Book Review: Child of Light by Terry Brooks


Title: Child of Light

By: Terry Brooks

Genre: Fantasy

Pages: 384

Release Date: October 12th, 2021

Publisher: Del Rey

Rating: ★★☆☆☆


Summary from Goodreads:

At nineteen, Auris Afton Grieg has led an . . . unusual life. Since the age of fifteen, she has been trapped in a sinister prison. Why? She does not know. She has no memories of her past beyond the vaguest of impressions. All she knows is that she is about to age out of the children’s prison, and rumors say that the adult version is far, far worse. So she and some friends stage a desperate escape into the surrounding wastelands. And it is here that Auris’s journey of discovery begins, for she is rescued by a handsome yet alien stranger. Harrow claims to be Fae—a member of a magical race that Auris had thought to be no more than legend. Odder still, he seems to think that she is one as well, although the two look nothing alike. But strangest of all, when he brings her to his wondrous homeland, she begins to suspect that he is right. Yet how could a woman who looks entirely human be a magical being herself?

Told with a fresh, energetic voice, this fantasy puzzle box is perfect for fans of Terry Brooks and new readers alike, as one young woman slowly unlocks truths about herself and her world—and, in doing so, begins to heal both.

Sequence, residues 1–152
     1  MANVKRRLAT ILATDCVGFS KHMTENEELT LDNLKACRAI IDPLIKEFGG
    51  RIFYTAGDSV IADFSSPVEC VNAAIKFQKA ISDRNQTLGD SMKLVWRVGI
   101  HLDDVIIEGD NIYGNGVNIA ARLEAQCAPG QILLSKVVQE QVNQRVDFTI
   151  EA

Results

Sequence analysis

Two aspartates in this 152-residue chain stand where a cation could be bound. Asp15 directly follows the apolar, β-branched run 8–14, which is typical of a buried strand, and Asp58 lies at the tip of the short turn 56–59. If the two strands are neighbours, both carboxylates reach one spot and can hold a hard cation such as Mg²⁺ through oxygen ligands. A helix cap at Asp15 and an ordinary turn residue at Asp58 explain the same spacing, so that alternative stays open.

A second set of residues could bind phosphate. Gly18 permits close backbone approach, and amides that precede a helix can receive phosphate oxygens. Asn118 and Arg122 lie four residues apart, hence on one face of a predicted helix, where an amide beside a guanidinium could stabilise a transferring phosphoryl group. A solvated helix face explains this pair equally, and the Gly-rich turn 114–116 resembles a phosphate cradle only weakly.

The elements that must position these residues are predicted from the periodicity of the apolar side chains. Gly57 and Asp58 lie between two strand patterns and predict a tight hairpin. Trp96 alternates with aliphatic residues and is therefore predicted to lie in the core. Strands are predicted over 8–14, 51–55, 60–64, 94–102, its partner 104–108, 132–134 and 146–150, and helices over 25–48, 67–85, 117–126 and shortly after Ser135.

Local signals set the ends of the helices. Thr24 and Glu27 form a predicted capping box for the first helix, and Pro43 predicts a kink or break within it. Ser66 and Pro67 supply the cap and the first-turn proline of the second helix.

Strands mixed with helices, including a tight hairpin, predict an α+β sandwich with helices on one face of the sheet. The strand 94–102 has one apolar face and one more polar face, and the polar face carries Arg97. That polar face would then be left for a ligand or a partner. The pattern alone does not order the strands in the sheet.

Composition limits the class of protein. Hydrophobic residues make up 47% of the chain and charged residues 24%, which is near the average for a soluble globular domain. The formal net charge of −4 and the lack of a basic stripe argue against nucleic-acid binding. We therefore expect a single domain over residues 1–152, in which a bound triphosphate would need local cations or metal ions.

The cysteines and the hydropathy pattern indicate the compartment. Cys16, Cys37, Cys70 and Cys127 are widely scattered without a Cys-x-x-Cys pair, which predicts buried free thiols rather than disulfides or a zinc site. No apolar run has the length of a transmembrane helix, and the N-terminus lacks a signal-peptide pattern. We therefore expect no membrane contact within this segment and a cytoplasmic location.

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I have always been a huge fan of Terry Brooks. His Shannarah Cornicles has been a staple in my home for years, but this book has fallen off the band wagon. Where did Brooks go wrong?

The beginning started off with a bang. A group of children held captive in a strange camp, their guards are strange creatures that are prone to violence. They attempt to escape and only one survives, Auris. That's pretty much where this story goes completely wrong. 

Every character Auris runs into is vague and boring. She seems to trust them all whole heartedly, even after growing up in deplorable conditions. It makes no sense. And lets not forget at the end of the story, Auris trust the same character over and over again, even though this character keeps lying to her. 

The interactions between characters and the plot progress are contrived and don't even get me started on the way the whole book was written. I was told a story, instead of shown a wonderful land. I don't even know what my surroundings look like. 

This book really fell on its face. I wouldn't recommend. 

Received an advance reader copy in exchange for a fair review. 

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